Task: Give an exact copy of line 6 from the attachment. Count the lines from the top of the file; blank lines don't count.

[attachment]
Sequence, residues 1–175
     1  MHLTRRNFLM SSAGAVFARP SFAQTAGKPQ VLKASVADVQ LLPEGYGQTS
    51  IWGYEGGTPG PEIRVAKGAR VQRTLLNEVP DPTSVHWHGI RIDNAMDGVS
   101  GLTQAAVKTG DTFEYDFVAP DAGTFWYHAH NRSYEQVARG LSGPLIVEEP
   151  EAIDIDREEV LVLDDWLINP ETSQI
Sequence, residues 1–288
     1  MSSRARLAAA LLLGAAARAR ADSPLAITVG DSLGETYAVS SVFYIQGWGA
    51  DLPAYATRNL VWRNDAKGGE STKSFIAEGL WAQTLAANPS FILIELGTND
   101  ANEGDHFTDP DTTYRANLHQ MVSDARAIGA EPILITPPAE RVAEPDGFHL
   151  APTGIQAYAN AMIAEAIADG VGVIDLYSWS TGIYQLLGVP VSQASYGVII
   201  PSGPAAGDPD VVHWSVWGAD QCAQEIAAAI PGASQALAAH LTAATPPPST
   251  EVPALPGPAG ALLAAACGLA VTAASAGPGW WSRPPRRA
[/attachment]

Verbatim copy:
Sequence, residues 1–288